Blog 21. Disaster Strikes
Thu 24 May 2018 06:42
What happened? Well nothing really, except when we came to lower the keel to work on it over the Easter weekend, it would not quite reach the fully down position. It has done this once before, but located correctly after the boat moved around a bit and it had come up perfectly last year. Maybe the boat was not quite level in the hoist, or more grease was needed, we were optimistic that it was just a blip. Silly us. We were a bit concerned about the amount of rust showing on the starboard side of the keel where it joined the top box and did consult with boat and keel designer, but by the time we got a response from the keel designer, the boat was in the water and we were a long way down the commissioning and provisioning line.
Also with us was Bill, who was going to sail to Opua with us so we could assess our compatibility before the longer sails to New Cal and Australia. We were pretty confident that we were going to get along pretty well, after all, how many crew members spend the first couple of days getting to grips with a blocked loo pipe and a mouldy spray hood with great competence and humour!
Sadly, we had an email from the keel designer expressing doubts about the rust and suggesting an ultrasound scan, which amazingly, we had done within 24 hours. Thank you Stork for being so efficient and Tom for working overtime. However, the delay and doubt meant that Bill needed to return to Aukland, while we waited for ultrasound reports and engineering advice. After a report that did not cause concern, we set off downriver to anchor in Urquart’sBay and to test the keel. It resolutely refused to go down fully, so we had no option but to return to Port Whangarei and lift the boat again and get the keel out of the boat to see why. So thank you Roger that we could get the keel out of the bottom of the boat, albeit with some major deconstruction work.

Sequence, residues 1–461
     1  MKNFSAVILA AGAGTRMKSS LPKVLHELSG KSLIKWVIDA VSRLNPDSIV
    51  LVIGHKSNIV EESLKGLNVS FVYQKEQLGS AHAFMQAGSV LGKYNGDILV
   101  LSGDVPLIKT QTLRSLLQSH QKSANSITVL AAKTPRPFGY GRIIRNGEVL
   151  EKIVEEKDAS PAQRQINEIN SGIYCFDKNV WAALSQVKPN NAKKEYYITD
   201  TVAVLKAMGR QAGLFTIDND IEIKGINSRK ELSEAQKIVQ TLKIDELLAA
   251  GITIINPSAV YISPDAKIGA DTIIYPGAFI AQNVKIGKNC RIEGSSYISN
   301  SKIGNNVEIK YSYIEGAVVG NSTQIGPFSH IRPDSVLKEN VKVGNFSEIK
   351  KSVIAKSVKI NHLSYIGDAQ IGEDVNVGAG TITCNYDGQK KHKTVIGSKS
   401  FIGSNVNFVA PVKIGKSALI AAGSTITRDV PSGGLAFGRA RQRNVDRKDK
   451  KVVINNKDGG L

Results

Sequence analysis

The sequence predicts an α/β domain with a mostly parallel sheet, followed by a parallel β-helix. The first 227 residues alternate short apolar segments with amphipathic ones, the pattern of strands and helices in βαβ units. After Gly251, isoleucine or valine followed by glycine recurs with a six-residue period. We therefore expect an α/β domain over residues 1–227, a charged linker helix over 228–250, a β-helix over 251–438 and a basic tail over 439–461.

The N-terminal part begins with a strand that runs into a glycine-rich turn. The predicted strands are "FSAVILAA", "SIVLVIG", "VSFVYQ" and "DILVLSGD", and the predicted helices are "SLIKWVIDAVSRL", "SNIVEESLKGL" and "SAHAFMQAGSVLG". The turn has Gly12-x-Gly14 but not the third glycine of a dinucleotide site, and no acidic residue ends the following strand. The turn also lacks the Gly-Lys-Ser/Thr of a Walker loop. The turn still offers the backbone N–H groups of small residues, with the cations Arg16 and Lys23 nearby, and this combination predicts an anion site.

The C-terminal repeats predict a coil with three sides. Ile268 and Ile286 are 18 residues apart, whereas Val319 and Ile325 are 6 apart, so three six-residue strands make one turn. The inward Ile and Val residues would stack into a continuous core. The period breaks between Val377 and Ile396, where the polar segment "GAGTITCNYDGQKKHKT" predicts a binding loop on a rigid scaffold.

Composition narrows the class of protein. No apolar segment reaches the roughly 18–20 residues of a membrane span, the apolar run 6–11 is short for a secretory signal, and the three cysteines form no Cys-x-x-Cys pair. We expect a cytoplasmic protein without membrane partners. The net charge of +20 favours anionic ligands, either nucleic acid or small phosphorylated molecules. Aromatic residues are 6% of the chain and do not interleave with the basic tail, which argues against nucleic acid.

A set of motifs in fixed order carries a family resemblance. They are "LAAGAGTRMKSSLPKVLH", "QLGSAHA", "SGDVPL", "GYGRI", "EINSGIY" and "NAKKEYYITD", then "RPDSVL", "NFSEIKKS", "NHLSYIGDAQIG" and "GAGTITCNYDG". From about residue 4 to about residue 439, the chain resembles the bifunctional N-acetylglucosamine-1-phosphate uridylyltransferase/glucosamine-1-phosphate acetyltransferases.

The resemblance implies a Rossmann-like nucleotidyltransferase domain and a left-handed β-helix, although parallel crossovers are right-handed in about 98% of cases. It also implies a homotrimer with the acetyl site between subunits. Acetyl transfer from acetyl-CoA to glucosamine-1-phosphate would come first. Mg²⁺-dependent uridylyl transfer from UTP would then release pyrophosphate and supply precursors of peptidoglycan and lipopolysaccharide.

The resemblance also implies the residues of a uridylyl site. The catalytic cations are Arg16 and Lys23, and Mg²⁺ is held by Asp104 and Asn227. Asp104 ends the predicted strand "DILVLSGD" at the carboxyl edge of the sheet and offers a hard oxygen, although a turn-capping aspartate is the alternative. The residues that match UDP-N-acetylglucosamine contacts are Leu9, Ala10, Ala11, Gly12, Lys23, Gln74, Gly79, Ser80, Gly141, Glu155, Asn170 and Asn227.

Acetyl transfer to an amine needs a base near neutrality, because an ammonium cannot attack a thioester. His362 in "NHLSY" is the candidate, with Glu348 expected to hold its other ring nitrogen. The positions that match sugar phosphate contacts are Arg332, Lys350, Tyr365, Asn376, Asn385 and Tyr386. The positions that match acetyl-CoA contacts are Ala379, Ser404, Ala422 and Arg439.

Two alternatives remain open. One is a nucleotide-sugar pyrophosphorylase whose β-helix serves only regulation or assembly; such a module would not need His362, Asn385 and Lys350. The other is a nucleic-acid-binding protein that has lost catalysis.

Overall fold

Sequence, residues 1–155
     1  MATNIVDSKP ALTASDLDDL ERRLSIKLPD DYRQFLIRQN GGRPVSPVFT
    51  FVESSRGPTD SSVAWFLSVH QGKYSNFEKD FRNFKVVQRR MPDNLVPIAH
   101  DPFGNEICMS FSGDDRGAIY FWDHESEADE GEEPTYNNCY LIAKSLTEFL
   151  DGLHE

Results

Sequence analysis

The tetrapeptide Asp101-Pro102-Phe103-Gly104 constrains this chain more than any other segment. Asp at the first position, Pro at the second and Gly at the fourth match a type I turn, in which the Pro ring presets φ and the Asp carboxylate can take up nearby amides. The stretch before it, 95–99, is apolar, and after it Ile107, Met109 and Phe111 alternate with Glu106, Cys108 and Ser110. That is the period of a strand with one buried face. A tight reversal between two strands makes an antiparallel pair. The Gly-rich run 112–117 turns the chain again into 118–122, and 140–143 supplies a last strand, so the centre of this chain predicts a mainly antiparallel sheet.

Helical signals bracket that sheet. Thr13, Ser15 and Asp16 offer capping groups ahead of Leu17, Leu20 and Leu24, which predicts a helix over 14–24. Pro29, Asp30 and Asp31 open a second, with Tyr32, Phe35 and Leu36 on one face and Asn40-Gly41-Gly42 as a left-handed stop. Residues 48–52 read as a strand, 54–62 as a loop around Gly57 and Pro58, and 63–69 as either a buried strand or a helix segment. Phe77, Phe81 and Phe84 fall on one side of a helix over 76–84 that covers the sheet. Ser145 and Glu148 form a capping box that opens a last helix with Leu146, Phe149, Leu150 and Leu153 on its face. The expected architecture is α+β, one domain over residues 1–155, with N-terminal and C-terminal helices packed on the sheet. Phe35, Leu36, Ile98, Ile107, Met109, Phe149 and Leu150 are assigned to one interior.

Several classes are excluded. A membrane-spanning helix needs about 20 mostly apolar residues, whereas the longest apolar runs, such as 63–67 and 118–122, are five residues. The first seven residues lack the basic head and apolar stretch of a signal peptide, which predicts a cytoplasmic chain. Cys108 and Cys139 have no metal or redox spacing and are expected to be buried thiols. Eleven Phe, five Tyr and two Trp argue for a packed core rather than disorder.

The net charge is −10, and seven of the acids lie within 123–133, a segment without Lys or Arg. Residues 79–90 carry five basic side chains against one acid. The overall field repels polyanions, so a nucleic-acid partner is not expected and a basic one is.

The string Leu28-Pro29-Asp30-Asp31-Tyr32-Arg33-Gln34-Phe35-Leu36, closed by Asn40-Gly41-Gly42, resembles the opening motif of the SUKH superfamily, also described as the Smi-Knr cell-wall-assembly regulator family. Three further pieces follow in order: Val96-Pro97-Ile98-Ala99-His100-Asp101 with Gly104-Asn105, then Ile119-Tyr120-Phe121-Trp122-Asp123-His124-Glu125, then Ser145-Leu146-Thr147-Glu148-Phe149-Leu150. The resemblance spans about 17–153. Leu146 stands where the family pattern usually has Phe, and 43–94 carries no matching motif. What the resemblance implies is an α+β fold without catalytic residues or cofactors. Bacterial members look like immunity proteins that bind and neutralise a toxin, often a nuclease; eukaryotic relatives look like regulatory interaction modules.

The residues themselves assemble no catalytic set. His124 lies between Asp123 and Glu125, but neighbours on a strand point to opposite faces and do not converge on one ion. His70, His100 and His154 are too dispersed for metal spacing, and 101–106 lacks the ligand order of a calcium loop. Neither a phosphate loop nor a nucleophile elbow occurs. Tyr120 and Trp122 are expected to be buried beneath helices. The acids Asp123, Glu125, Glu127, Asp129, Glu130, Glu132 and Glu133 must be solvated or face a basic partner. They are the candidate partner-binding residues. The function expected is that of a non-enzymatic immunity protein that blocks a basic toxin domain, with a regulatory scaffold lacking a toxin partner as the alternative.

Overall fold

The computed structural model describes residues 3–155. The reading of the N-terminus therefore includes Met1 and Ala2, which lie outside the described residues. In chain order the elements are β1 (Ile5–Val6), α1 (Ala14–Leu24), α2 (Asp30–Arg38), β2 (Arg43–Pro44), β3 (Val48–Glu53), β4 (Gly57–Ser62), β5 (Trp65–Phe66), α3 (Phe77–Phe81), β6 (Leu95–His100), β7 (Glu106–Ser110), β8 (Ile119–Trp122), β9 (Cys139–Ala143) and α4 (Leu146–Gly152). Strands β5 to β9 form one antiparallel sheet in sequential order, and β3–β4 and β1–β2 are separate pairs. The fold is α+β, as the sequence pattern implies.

Alister and David taking what UMPWE they could get at off the keel
The big diesel tank on the saloon seat. This had to be emptied and lifted as 2 of the bolts fixing the steel plate that the keel sits on when in the down position were underneath it.
UMPWE removed, showing all the rust underneath, the source of the problem
Alister and Dan trying to get the plate off the boat. It was very firmly fixed with filler and Siko.
After much time and effort, the steel plate is off and the keel box finally emerges from inside the boat
The keel and bulb left like some piece of modern art while Alcedo is taken back to her cradle, with the Skipper looking on.
We still had to get the bulb off, but running out of internet capability for sending photographs!
Sent from my iPad